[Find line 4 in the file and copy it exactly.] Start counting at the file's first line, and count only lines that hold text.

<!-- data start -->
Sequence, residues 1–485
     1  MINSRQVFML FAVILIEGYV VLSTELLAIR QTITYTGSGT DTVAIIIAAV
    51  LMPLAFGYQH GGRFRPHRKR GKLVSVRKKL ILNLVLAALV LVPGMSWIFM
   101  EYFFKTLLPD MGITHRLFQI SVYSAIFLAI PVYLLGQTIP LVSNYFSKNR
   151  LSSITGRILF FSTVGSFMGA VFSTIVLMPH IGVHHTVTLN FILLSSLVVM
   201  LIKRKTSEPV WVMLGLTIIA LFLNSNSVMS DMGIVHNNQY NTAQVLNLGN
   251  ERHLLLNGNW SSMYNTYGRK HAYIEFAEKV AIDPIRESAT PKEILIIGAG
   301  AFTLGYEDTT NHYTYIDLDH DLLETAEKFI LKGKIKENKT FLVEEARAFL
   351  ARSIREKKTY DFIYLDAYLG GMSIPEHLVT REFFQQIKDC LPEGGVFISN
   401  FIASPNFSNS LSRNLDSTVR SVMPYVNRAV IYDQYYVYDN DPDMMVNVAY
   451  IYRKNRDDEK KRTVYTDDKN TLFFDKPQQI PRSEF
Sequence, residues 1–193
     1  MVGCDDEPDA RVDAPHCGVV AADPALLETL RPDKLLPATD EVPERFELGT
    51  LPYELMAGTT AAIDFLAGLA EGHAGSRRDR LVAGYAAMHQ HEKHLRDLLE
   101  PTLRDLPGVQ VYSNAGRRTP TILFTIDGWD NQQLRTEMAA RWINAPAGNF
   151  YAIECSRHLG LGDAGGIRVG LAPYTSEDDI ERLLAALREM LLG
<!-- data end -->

   101  EYFFKTLLPD MGITHRLFQI SVYSAIFLAI PVYLLGQTIP LVSNYFSKNR